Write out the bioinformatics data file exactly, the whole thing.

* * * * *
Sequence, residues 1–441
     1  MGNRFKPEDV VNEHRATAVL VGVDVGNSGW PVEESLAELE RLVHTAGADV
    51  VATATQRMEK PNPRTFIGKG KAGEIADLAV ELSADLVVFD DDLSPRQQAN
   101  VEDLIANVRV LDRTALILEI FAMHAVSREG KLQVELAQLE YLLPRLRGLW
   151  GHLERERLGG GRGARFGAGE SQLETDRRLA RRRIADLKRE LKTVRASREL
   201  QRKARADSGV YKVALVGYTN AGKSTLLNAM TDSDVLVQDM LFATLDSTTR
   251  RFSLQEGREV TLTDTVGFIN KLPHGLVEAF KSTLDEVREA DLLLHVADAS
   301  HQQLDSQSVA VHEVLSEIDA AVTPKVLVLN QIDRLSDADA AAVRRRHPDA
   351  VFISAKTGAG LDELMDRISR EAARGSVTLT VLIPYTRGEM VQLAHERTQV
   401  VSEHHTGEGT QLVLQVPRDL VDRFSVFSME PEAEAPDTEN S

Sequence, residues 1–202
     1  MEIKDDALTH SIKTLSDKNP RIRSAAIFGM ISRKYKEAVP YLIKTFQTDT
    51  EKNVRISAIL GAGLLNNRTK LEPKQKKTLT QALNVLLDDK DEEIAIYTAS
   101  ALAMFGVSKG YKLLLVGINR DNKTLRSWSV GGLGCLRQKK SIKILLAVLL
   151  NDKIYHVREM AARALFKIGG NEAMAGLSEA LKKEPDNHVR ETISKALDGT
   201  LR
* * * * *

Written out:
Sequence, residues 1–441
     1  MGNRFKPEDV VNEHRATAVL VGVDVGNSGW PVEESLAELE RLVHTAGADV
    51  VATATQRMEK PNPRTFIGKG KAGEIADLAV ELSADLVVFD DDLSPRQQAN
   101  VEDLIANVRV LDRTALILEI FAMHAVSREG KLQVELAQLE YLLPRLRGLW
   151  GHLERERLGG GRGARFGAGE SQLETDRRLA RRRIADLKRE LKTVRASREL
   201  QRKARADSGV YKVALVGYTN AGKSTLLNAM TDSDVLVQDM LFATLDSTTR
   251  RFSLQEGREV TLTDTVGFIN KLPHGLVEAF KSTLDEVREA DLLLHVADAS
   301  HQQLDSQSVA VHEVLSEIDA AVTPKVLVLN QIDRLSDADA AAVRRRHPDA
   351  VFISAKTGAG LDELMDRISR EAARGSVTLT VLIPYTRGEM VQLAHERTQV
   401  VSEHHTGEGT QLVLQVPRDL VDRFSVFSME PEAEAPDTEN S

Sequence, residues 1–202
     1  MEIKDDALTH SIKTLSDKNP RIRSAAIFGM ISRKYKEAVP YLIKTFQTDT
    51  EKNVRISAIL GAGLLNNRTK LEPKQKKTLT QALNVLLDDK DEEIAIYTAS
   101  ALAMFGVSKG YKLLLVGINR DNKTLRSWSV GGLGCLRQKK SIKILLAVLL
   151  NDKIYHVREM AARALFKIGG NEAMAGLSEA LKKEPDNHVR ETISKALDGT
   201  LR